Case A was complicated by development of suspected HELLP syndrome. An observational study by Mendoza et al demonstrated that SARS-CoV-2 can produce systemic effects including hypertension, acute kidney injury, thrombocytopenia, and liver injury due to vasoconstriction, in contrast to the endothelial damage secondary to oxidative stress noted in preeclampsia/HELLP syndrome.[10] The development of this “preeclampsia-like” syndrome may be difficult to distinguish due to overlapping clinical features and may potentially lead to overdiagnosis of preeclampsia/HELLP syndrome among pregnant women with COVID-19 infection. Case B also developed low platelets after delivery and similarly had proteinuria; however, thrombocytopenia was felt to be reflective of her acute illness, rather than preeclampsia.

The indication for the deliveries were different in our patients. In case A, delivery timing was based on the development of suspected HELLP syndrome with the lack of improvement of respiratory status. For case B, delivery occurred due to preterm labor, a known risk both with COVID-19 infection and in patients on ECMO.[5] [9] Current recommendations suggest that timing and mode of delivery in COVID-19-positive pregnant women be based on routine obstetrical indications, and delivery should not be used as a treatment to improve maternal respiratory symptoms, except in cases of maternal cardiac arrest; however, in the setting of ECMO, while delivery is not recommended to improve maternal respiratory status, the risks and benefits of preterm delivery versus remaining on ECMO for a prolonged period of time must be considered.[11] Pharmacologic treatment options such as remdesivir, interleukin (IL)-6 modulators, and convalescent plasma has not been extensively studied in pregnant women but use is appropriate in critically ill women as compassionate use.[11] [12]

This case series is consistent with other reports of the low vertical transmission rate of SARS-CoV-2.[13] [14] [15] [16] [17] [18] [19] Clinical presentation of SARS-CoV-2 in infants can range from asymptomatic to neonatal respiratory distress requiring mechanical ventilation.[15] [16] [17] [18] [19] [20] Here, both infants had negative NP swabs, but one infant had IgG antibodies to COVID-19. It is possible that the presence of IgG antibodies in one infant resulted from transplacental passage given the mother's prolonged clinical illness versus the shorter course and lack of adequate maternal production or placental passage of IgG in our second dyad.[19] Neonatal IgG could be from the maternal convalescent plasma as part of her treatment plan. Placental transfer of convalescent plasma and theoretic immunity of the neonate has not been studied.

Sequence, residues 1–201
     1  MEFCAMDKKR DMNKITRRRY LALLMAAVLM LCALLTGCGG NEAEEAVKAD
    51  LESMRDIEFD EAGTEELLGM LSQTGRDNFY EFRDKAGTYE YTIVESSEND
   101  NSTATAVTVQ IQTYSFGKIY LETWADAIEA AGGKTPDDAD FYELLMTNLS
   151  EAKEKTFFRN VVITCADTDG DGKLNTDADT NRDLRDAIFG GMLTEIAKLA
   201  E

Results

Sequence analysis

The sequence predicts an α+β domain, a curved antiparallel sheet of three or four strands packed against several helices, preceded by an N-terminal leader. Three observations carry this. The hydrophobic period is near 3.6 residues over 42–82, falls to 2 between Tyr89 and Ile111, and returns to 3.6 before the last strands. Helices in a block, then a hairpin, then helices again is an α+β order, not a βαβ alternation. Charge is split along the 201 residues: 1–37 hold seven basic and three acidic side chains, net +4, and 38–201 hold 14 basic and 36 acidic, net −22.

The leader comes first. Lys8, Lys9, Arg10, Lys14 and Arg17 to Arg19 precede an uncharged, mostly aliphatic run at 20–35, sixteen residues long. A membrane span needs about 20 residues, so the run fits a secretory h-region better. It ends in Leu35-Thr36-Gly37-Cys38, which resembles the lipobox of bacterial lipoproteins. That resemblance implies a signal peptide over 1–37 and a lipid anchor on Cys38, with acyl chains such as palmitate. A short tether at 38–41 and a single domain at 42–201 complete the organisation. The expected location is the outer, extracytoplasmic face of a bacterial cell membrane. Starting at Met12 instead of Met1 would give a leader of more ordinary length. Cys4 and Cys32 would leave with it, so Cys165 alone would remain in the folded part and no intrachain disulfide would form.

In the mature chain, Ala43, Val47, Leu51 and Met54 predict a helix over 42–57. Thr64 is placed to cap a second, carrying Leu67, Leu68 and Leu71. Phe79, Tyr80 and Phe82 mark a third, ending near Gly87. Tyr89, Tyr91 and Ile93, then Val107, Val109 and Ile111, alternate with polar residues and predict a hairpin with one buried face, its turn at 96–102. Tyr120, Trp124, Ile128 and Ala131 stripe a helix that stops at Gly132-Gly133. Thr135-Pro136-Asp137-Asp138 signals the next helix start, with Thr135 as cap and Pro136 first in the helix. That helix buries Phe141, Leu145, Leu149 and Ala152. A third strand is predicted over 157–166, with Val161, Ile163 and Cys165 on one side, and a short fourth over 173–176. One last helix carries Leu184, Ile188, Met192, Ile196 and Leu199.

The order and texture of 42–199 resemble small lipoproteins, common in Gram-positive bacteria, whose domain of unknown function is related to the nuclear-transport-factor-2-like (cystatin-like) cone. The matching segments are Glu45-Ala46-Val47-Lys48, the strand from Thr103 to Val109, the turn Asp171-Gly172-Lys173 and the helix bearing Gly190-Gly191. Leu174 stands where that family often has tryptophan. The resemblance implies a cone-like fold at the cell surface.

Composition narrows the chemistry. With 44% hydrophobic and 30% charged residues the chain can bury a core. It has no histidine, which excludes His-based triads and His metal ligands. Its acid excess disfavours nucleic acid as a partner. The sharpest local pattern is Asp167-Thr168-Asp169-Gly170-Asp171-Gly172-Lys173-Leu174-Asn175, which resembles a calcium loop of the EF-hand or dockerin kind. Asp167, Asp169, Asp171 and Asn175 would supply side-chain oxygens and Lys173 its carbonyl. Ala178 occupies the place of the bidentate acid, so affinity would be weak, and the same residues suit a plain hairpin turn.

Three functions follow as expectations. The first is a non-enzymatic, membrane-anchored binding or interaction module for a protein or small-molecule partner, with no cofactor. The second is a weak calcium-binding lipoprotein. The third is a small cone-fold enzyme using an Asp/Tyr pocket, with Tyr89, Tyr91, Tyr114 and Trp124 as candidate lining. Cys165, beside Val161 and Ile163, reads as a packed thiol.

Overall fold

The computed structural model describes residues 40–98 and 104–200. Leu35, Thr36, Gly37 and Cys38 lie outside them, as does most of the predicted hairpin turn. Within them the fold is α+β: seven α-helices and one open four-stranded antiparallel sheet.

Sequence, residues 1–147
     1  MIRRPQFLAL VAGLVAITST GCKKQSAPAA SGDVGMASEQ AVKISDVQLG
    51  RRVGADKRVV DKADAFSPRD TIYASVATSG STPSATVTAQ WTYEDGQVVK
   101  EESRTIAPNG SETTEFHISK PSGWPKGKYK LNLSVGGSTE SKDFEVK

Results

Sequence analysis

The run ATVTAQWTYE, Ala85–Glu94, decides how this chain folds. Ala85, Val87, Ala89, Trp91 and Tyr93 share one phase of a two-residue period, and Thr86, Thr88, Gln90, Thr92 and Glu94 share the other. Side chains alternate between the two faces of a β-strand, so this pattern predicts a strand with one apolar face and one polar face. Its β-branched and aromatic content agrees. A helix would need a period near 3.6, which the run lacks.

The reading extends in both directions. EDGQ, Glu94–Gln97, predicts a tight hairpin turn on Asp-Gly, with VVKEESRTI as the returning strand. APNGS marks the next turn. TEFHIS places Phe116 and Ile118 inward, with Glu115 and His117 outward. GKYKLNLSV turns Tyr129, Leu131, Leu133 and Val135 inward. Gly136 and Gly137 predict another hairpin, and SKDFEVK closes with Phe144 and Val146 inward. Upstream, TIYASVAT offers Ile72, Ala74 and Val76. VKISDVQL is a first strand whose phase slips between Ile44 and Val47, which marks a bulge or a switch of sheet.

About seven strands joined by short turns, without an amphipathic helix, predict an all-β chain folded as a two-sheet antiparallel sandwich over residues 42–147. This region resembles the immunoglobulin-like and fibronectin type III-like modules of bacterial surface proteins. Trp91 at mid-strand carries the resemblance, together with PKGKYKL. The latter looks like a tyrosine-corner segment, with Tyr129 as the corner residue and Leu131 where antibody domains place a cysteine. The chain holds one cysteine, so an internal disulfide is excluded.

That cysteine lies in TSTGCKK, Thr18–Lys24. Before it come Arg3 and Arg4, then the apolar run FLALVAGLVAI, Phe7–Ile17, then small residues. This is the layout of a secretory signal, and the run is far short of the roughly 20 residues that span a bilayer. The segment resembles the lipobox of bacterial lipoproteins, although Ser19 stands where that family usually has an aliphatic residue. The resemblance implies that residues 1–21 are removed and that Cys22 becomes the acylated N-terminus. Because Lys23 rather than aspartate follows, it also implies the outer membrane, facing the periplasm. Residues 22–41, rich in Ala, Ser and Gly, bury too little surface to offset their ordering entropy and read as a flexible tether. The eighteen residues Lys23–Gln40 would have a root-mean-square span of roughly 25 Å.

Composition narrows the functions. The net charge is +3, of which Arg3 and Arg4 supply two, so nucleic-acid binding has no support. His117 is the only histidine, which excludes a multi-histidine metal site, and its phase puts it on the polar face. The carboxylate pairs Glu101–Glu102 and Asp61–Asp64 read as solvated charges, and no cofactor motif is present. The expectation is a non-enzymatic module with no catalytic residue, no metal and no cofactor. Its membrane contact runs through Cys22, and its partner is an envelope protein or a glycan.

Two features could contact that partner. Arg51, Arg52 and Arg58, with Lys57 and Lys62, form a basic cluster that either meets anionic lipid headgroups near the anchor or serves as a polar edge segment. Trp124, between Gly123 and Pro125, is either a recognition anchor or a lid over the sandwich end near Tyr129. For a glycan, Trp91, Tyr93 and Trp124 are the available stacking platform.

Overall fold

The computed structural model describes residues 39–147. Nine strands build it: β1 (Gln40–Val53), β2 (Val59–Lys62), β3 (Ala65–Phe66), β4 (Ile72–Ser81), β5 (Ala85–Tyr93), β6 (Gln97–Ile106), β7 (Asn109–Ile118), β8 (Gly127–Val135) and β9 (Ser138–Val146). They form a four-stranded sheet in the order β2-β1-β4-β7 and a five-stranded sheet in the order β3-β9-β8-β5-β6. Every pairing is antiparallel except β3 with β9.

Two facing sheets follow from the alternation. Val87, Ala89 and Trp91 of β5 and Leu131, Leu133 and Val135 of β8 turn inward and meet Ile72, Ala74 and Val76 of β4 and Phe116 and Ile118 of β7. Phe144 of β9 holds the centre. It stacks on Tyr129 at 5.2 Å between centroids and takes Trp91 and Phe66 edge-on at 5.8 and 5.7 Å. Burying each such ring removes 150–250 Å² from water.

In terms of neonatal outcomes after maternal ECMO (for any indication), fetal survival is reported to be around 70%.[9] [21] [22] [23] Reviews on modern use of ECMO in pregnancy have not comprehensively reported on bleeding risk to the neonate.[9] [21] [22] [23] Theoretically, due to the necessity for anticoagulation of the mother while on the ECMO circuit, the neonates had prolonged exposure of in utero anticoagulant, albeit reversed for delivery and heparin does not cross the placenta. Evaluation for abnormal coagulation studies may be advisable in neonates born to mothers with COVID-19, especially given the risk of intraventricular hemorrhage in the extremely or very low birthweight neonates.


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Conclusion

We describe two cases of ARDS secondary to COVID-19 in pregnancy leading to ECMO and preterm delivery. Both mothers had a significant improvement in their clinical status after ECMO. Neonatal outcomes were within the realm of expected for prematurity with the exception of coagulopathy. We highlight that ECMO is a feasible treatment in the pregnant woman with severe COVID-19 disease and that delivery can be performed safely on ECMO with no apparent additional risk to the fetus/neonate. While ECMO carries inherent risks, it should be considered a viable option during pregnancy and puerperium.


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Conflict of Interest

None declared.

Acknowledgments

We thank all study participants for agreeing to participate.


Address for correspondence

Yalda Afshar, MD, PhD
Division of Maternal Fetal Medicine, Department of Obstetrics and Gynecology, David Geffen School of Medicine
UCLA, 200 Medical Plaza, Suite 430, Los Angeles, CA 90095

Publication History

Received: 11 September 2020

Accepted: 16 September 2020

Publication Date:
17 October 2020 (online)

© 2020. Thieme. All rights reserved.

Thieme Medical Publishers, Inc.
333 Seventh Avenue, 18th Floor, New York, NY 10001, USA


Zoom Image
Fig. 1 (A) Initial maternal chest radiograph for case A with extensive bilateral infiltrates. (B) Maternal chest radiograph for case A in the ICU with diffuse airspace opacification, likely multifocal pneumonia and ARDS. ARDS, acute respiratory distress syndrome; ICU, intensive care unit.
Zoom Image
Fig. 2 Maternal timeline of events for case A (A) and case B (B).
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Fig. 3 Maternal chest radiograph for case B with diffuse bilateral lung opacification.